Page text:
Suleiman's 'wisdom'

Which is more disheartening - Egypt covering up Hamas rejectionism, or Fatah reveling in its own?

Omar Suleiman 224 (photo credit: Ariel Jerozolimski)
Omar Suleiman 224
(photo credit: Ariel Jerozolimski)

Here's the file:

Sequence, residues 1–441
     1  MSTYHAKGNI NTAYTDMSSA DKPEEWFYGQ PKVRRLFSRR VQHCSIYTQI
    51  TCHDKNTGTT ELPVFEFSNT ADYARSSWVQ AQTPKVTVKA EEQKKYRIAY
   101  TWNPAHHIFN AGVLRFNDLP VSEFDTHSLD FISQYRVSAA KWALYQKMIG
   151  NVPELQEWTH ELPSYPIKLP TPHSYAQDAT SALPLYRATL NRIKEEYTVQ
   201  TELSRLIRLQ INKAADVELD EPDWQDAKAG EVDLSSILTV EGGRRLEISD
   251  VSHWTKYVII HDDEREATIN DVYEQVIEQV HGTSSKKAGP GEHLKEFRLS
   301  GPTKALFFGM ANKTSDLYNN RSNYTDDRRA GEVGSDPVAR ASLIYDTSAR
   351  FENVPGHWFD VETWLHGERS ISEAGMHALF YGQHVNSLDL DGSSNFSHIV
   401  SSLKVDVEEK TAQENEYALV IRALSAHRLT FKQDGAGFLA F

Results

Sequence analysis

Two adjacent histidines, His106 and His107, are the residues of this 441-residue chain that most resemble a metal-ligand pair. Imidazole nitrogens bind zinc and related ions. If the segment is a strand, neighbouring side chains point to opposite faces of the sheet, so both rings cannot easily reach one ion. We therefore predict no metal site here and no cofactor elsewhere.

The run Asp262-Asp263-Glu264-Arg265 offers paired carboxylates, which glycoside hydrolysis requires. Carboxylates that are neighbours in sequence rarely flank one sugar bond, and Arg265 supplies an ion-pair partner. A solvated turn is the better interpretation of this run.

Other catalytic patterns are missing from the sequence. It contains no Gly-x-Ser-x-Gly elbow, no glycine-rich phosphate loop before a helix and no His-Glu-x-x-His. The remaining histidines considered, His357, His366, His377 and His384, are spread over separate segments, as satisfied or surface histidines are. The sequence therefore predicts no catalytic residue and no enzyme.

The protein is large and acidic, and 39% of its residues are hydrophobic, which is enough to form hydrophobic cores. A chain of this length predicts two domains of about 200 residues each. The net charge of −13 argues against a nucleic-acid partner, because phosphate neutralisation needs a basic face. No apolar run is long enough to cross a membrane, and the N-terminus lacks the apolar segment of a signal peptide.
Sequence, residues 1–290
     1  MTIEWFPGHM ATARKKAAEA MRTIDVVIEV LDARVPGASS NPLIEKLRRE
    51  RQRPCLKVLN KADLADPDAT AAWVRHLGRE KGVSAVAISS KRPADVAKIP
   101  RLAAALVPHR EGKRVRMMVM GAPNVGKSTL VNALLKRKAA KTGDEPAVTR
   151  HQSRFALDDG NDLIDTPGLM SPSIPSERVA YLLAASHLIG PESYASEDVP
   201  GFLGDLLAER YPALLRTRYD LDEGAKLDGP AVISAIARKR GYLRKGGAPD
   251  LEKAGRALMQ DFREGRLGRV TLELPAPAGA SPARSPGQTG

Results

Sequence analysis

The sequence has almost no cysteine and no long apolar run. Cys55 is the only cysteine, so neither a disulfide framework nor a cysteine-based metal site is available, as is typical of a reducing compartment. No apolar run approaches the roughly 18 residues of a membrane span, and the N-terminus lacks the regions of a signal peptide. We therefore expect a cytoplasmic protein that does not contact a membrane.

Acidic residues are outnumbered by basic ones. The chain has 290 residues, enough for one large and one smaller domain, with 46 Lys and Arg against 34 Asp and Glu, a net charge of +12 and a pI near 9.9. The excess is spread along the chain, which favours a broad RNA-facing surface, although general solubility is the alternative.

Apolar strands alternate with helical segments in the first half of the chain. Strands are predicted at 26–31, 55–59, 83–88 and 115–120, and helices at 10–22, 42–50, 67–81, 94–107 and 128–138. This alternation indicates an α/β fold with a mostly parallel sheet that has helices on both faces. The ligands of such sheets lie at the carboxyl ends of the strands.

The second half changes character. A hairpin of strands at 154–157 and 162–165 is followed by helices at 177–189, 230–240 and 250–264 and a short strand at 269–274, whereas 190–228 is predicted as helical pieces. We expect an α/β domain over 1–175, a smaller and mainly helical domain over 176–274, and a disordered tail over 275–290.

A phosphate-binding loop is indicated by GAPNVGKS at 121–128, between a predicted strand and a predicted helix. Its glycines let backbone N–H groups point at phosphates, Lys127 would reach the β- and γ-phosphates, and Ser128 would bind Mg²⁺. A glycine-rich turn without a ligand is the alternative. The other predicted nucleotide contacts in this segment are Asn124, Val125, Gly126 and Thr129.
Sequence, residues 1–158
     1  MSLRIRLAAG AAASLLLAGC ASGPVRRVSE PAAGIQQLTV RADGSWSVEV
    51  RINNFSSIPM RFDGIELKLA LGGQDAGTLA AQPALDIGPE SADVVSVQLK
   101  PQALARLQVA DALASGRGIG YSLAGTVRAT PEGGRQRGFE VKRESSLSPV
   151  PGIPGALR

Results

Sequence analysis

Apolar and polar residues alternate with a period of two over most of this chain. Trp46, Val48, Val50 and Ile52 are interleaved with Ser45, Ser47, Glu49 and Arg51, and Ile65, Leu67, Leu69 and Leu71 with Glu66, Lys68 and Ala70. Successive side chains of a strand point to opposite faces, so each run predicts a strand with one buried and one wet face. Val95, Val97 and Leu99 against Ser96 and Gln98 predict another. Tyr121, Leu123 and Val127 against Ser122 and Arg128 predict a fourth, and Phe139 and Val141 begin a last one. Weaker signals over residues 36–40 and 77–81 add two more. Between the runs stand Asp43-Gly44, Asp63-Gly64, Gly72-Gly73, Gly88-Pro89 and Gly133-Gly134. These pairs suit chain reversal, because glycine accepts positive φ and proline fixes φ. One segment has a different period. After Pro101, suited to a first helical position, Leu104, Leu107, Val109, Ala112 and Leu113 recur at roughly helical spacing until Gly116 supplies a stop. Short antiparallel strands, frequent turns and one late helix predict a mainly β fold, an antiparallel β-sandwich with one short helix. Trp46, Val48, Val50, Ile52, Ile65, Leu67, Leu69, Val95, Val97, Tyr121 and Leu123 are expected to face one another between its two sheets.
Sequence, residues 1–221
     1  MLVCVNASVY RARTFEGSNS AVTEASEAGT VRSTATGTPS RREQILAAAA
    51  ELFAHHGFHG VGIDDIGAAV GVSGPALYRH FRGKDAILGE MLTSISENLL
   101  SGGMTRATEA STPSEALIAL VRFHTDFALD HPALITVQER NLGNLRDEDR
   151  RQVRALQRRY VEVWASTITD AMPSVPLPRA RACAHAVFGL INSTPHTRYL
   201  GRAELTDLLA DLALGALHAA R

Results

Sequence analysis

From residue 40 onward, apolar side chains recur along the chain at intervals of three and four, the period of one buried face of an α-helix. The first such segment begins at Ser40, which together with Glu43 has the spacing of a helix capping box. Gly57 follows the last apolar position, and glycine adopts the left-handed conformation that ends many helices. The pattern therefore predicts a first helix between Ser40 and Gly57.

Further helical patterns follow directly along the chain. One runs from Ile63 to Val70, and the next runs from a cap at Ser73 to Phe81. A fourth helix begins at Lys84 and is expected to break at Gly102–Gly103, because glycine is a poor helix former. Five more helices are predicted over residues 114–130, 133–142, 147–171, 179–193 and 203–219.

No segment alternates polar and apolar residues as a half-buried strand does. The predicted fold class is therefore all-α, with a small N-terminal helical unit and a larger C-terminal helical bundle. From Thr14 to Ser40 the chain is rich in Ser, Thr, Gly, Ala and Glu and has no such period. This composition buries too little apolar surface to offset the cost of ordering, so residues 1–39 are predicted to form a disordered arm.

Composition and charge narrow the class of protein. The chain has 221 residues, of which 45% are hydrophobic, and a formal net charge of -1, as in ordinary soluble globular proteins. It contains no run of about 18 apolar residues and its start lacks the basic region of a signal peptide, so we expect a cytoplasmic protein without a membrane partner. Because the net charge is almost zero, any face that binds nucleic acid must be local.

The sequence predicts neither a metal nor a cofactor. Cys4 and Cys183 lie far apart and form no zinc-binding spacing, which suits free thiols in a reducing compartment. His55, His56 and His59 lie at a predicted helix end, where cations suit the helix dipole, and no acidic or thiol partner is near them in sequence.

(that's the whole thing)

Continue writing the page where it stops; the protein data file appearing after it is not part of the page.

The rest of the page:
While top Israeli emissaries were in Cairo seeking Gilad Schalit's freedom this week, their usual interlocutor, Egyptian intelligence chief Omar Suleiman, was not. He was in Khartoum and Riyadh on Arab League business. Suleiman then flew to Washington to see US Middle East envoy George Mitchell and Secretary of State Hillary Clinton. He is hoping to convince the Obama administration to abandon the conditions set in January 2006, after Hamas beat Fatah in Palestinian elections, requiring Hamas to recognize Israel, renounce violence and accept past PLO commitments before the international community will deal with the Islamists. In the wake of all that's happened in the past three years, Suleiman has concluded that an ever-more entrenched Hamas needs to be accommodated if the Palestinians are to speak with one voice and function in the international arena. Several EU states already flirt with Hamas, discreetly. Russia and China do so openly. Suleiman has come up with a work-around to overcome international insistence - or what's left of it - on what Hamas must do to join a Palestinian government. What if Hamas vaguely promises to "respect" previous PLO commitments rather than declare its outright acceptance of them? Instead of dwelling on who recognizes whom, and how, isn't it better to have Hamas and Fatah acting responsibly together? FOR ISRAEL, however, who recognizes whom, and how, goes to the heart of the conflict - since the refusal to recognize the inalienable right of the Jewish people to self-determination anywhere between the Mediterranean and the Jordan signals Palestinian society's continuing to define our conflict in zero-sum terms. So if Suleiman's creative diplomacy ushers Hamas into a Palestinian government without it having to change its stripes, he will be undoing decades of painstaking steps Palestinians and Israelis have taken toward mutual recognition. That would put a question mark over the entire Oslo edifice, which has been preserved by successive Israeli governments. Put differently: If the international community turns its back on the most elementary prerequisites for Palestinian-Israeli cooperation - mutual recognition, non-belligerency and adherence to past agreements - it will be tearing asunder the existing basis for relations between the Palestinian Authority and Israel. ISRAEL HAS long made a "nuisance" of itself trying to elicit recognition from Palestinian leaders - the only way to establish that the conflict has moved onto a non-zero sum basis. And that recognition seemed forthcoming. On December 7, 1988 Yasser Arafat declared in Stockholm: "The PNC accepted two states, a Palestinian state and a Jewish state, Israel. Is that clear enough?" And leading up to the September 1993 Oslo Accords, Fatah's central committee and the PLO's executive committee endorsed the deal in which the Palestinians recognized Israel. Yet the extent to which Israelis may have been deluding themselves was blatantly exposed this week, when Fatah leader Muhammad Dahlan declared on Palestinian television: "I want to say for the thousandth time, in my own name and in the name of all of my fellow members of the Fatah movement: We do not demand that the Hamas movement recognize Israel. On the contrary, we demand of Hamas not to recognize Israel, because Fatah does not recognize Israel even today." Actually, Palestinian moderates have been making this point time and again. On October 3, 2006, Mahmoud Abbas told Al-Arabiya TV that he didn't expect Fatah, let alone Hamas, to recognize Israel. But a Palestinian government, qua government, had no choice but to "function opposite the Israelis on a daily basis," and it could hardly do so if its ministers didn't "recognize" their Israeli counterparts. Thus Palestinian "moderates" have had no change of heart about Israel: It's just that Israel has leverage over the day-to-day lives of millions of Palestinians, who are also dependent on international hand-outs and diplomatic support. Realpolitik forces their governing authority - but not them - to "recognize" Israel. In other words, if one has cancer, la sama'ha Allah, doesn't one "recognize" that fact and seek palliatives pending a cure? Israel's failure to insist that Fatah adhere to its commitments hasn't brought peace any closer, but blurred the distinction between moderates and extremists. We're not sure which is more disheartening - Suleiman endeavoring to cover up Hamas rejectionism, or Fatah reveling in its own.